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Christianity - Creative Heritage

This GCSE RE Christianity quiz takes at look at creative heritage. As someone with an active interest in religions, and Christianity in particular, you may well be aware of widespread claims that 'we live in a post-Christian age'. That may or may not be true, in terms of church attendance statistics and demographics ... but there is ample evidence all around us of Christian influence on our architecture, institutions and cultural heritage.

It is only quite recently ~ still within the living memory of some ~ that regular popular church attendance seems to have begun to crumble against the rival attractions of sport, supermarkets and other leisure pursuits. Prior to that, many people in Europe and further afield were regularly reminded of Bible stories, their phrases and meanings, almost like a larger and richer version of a child’s trove of nursery rhymes and fairy- and folk-tales.

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They knew the structure and punchlines of the Parables, the almost rollicking tales of kings and prophets in the Old Testament, a repertoire of hymns (some ancient, many Victorian) and the standard prayers, the psalms and canticles; they knew one end of a church from the other, and its fitments and routines, and what was the message in much of the stained glass (possibly installed, at least partly, as a visual reminder for earlier generations ~ who had had less education and couldn’t read the Bible for themselves).

Yet there are buildings, images and turns of phrase that continue to resonate in the folk consciousness: not only the forms of words at emotional occasions such as weddings and funerals. As and when we see these ~ onscreen maybe, in news or a drama ~ many of us will recognise the reference, even if we make no great claim to being regular churchgoers.

This quiz dips into that Christian creative and cultural heritage. How much of it may already be familiar to you?

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  1. Once upon a time*, in an age before SatNav, travellers by road or on foot who were looking for a village (nestled in the hills &/or forest, perhaps) would know where or when to look out for it by recognising the Ordnance Survey map symbol for the church building at the likely heart of it, and watching for that to appear against the actual skyline.

    The symbol for a small chapel (such as a nonconformist one) would be a small plain black cross, but for a church as such, there would be another shape underneath the cross. What was the 'code' for recognising these at a distance?

    (* Way back in the 20th century, before you were born ~ if you are a potential GCSE candidate in or beyond the '20-teens'!)
    Apart from the surmounting cross itself, the symbols are quite logical: a tower would presumably have a square (or at least, cornered) cross-section, whereas a spire or steeple would be more or less circular in cross-section ~ since, taken as a whole, it would be in the form of a cone.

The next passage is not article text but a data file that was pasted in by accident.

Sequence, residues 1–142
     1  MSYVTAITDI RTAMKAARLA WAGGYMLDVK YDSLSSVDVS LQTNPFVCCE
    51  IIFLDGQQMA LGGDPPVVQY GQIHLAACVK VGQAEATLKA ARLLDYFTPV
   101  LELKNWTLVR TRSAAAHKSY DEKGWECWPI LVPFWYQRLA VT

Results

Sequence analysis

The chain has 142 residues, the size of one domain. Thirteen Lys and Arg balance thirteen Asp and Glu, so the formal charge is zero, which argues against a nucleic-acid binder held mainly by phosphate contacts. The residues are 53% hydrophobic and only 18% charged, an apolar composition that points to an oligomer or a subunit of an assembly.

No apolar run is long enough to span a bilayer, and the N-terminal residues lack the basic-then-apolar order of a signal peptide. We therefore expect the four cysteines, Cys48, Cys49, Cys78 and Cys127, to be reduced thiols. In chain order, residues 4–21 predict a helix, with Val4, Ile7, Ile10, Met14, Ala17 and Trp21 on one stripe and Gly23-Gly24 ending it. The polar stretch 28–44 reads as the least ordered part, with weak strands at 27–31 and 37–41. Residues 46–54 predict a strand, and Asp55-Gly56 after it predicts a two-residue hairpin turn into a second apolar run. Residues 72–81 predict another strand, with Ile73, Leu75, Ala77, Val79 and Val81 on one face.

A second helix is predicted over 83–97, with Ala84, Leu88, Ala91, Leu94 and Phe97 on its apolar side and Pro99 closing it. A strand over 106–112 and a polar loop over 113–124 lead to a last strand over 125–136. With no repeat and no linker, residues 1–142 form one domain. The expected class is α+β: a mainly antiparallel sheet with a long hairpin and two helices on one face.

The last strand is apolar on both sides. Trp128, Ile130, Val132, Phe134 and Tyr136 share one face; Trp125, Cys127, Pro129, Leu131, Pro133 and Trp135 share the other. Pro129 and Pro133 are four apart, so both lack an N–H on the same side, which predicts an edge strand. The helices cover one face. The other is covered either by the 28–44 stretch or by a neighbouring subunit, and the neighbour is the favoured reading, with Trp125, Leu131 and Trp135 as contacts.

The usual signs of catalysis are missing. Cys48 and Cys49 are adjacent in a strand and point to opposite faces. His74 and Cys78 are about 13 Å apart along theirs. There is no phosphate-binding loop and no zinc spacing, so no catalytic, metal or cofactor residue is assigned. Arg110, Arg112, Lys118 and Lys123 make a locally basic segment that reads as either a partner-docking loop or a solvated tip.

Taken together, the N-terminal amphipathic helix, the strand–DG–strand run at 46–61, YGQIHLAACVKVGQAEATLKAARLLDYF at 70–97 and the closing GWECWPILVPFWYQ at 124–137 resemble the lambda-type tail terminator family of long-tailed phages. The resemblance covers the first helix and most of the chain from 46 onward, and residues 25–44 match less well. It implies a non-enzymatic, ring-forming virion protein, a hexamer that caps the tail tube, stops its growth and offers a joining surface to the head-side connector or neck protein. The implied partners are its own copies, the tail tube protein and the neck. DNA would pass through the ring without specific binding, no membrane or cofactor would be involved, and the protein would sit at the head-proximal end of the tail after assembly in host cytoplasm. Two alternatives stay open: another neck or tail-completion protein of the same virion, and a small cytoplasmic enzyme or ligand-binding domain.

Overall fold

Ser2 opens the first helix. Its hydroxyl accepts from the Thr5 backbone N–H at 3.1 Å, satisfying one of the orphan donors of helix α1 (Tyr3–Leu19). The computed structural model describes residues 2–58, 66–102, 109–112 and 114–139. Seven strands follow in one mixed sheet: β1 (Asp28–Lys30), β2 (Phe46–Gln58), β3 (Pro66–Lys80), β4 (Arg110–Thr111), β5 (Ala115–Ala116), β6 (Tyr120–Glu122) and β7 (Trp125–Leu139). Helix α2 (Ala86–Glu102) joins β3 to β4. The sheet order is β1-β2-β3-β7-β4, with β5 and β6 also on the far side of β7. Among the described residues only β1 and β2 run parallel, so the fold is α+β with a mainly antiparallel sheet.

2. One of the most famous and recognisable pieces of sacred classical music is the 'Hallelujah Chorus' from the first great English oratorio (an art-form that lies, in broad terms, somewhere between church music and opera), written by George Frideric Handel in the mid-18th century. The oratorio outlines, and reflects on, the major stages of the earthly life of Jesus. What is the work's overall title?
    'Messiah' is the title by which Jewish people believe God is yet to come again, but for Christians Jesus was already the one. The 'Hallelujah Chorus' is effectively a great fanfare of praise for His conquering death through the Resurrection. It is widely believed that King George himself was so overcome with awe at its first performance that he stood up, and everyone else present felt obliged to do the same ~ a practice quite often echoed during modern performances.
  3. Of which of the following creative and visual arts might you expect to see active evidence in a place of Christian worship?
    It would, of course, depend on the size and tradition of the building, but except in the smallest or sparsest you should be able to find examples of at least a few, possibly plenty of the above. Unlike some other faiths which prohibit likenesses of living things (including people) in their places of worship, many churches have for centuries had stained glass to remind congregants of key episodes and characters in the Bible. Even the simplest such building will have been put up 'to God's glory and in His service', as nobly as the faith-community's budget will allow. In the case of cathedrals they can of course be vast and elaborate, and richly decorated with all kinds of craftsmanship from soaring ceilings to vast pipe-organ cases and large co-ordinated sets of commemorative or inspirational kneeling-cushions for times of prayer. The sense of devotion can very much be a 'part of the fabric' as one visits and participates in worship.
  4. After Coventry's ('old', i.e. mediaeval) Cathedral was bombed during World War II, by enemy aircraft trying to destroy the local motor industry, a cross was made with three pieces from the old structure, and this has since become an international emblem for reconciliation and forgiveness. What items were salvaged to make this cross?